I am packing my belongings in the shawl my mother used to wear when she went to the market. And I am going from my valley. But this time I shall never return. I am leaving behind me my 50 years of memory—memory. Strange that the mind will forget so much of what only this moment has passed and yet hold clear and bright the memory of what happened years ago of men and women long since dead. Yet who shall say what is real and what is not. Can I believe this all gone when their voices are still a glory in my ears. No. And I will stand to say no and no again, for they remain within my mind. There is no fence nor hedge around time that is gone. You can go back and have what you like of it, if you can remember. So I can go close my eyes on my valley as it is today and it is gone. And I see it as it was when I was a boy—green it was and possessed of the plenty of the earth. In all Wales there was none so beautiful.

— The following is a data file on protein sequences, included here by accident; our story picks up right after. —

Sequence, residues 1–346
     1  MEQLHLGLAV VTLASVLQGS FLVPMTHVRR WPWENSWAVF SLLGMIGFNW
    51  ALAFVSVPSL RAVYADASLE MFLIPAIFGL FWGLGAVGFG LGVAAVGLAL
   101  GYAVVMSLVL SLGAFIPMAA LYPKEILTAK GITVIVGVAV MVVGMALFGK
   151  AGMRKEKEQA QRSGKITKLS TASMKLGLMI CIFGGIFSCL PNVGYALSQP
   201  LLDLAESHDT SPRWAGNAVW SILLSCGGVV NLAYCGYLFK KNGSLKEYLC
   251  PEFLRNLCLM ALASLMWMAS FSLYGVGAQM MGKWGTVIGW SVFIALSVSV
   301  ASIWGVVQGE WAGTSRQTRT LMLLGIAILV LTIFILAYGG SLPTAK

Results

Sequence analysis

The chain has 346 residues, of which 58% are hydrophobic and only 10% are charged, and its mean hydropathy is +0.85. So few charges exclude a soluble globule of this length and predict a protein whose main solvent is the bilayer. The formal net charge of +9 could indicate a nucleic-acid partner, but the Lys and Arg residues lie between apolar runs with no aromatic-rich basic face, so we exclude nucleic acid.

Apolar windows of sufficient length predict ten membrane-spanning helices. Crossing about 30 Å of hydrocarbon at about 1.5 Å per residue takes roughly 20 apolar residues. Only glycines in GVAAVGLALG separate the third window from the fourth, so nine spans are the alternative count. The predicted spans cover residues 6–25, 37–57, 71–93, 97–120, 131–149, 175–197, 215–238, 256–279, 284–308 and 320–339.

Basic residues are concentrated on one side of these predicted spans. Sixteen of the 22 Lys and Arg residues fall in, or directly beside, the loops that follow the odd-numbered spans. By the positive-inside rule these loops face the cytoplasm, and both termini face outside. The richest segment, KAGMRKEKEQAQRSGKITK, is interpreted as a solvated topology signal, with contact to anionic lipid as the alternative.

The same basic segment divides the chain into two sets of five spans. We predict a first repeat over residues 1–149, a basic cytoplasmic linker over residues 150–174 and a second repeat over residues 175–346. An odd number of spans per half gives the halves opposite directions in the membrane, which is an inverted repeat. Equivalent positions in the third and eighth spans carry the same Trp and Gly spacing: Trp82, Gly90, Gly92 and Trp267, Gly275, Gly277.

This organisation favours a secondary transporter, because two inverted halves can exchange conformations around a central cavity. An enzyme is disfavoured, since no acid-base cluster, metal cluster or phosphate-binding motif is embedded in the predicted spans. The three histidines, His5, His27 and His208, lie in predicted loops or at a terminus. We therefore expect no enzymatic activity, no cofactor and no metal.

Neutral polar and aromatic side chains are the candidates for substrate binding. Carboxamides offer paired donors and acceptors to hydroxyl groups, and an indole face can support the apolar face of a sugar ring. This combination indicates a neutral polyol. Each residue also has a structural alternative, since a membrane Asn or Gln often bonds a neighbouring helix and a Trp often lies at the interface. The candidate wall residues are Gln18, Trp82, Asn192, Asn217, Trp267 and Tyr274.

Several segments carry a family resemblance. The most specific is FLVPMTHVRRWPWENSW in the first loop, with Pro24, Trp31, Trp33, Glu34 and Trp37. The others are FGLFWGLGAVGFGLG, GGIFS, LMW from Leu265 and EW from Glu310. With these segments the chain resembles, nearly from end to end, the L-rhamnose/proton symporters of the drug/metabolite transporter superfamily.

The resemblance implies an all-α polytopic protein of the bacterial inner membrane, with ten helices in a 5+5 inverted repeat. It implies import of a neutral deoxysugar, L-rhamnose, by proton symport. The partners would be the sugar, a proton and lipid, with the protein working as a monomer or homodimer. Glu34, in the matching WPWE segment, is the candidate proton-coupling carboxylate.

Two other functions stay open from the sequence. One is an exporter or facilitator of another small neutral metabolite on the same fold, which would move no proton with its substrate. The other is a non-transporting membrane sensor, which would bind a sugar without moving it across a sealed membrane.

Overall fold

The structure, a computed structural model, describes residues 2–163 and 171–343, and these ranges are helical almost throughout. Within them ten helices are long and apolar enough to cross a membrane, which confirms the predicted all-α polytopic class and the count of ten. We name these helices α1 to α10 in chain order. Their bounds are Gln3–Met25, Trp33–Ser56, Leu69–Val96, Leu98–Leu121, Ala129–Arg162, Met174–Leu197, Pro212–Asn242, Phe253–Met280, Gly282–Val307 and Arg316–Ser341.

Philip Dunne (1908–1992), U.S. screenwriter, and John Ford. Voiceover narration (by Rhys Williams) of Huw Morgan (Roddy McDowall) as an adult, How Green Was My Valley, reminiscing about his childhood and reflecting on the power of memory, at the opening of the film (1941).